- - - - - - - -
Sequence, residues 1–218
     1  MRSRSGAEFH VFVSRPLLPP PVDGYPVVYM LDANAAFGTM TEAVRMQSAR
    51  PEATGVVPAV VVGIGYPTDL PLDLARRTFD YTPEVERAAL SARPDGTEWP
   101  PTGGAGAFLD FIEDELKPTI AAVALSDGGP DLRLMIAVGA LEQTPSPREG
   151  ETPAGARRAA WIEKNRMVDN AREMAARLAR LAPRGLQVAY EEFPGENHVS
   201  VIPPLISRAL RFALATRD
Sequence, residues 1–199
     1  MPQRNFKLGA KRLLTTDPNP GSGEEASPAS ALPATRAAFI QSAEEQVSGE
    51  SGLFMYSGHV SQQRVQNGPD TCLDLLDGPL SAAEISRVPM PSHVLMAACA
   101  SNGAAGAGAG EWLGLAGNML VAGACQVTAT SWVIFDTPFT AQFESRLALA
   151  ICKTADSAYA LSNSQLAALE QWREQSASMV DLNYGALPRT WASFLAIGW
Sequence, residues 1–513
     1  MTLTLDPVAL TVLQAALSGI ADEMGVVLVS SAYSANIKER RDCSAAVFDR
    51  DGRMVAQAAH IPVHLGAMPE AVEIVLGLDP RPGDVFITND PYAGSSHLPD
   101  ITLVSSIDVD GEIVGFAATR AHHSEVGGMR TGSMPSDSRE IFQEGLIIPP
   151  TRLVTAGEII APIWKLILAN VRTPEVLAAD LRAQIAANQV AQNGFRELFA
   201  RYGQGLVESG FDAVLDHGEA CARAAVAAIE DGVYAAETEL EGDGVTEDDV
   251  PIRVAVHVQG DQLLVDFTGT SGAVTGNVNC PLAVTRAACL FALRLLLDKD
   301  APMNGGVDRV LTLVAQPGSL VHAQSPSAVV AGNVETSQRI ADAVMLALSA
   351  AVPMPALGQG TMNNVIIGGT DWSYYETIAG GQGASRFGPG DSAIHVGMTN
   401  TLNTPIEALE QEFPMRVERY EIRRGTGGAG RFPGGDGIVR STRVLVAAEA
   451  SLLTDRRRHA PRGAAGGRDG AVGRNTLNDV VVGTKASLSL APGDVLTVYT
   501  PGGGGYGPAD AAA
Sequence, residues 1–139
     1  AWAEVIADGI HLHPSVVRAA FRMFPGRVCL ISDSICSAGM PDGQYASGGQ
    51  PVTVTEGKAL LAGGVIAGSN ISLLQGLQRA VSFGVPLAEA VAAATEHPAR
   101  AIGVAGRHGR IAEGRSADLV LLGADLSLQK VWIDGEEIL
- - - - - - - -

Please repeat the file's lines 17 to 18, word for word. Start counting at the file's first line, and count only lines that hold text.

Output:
   201  RYGQGLVESG FDAVLDHGEA CARAAVAAIE DGVYAAETEL EGDGVTEDDV
   251  PIRVAVHVQG DQLLVDFTGT SGAVTGNVNC PLAVTRAACL FALRLLLDKD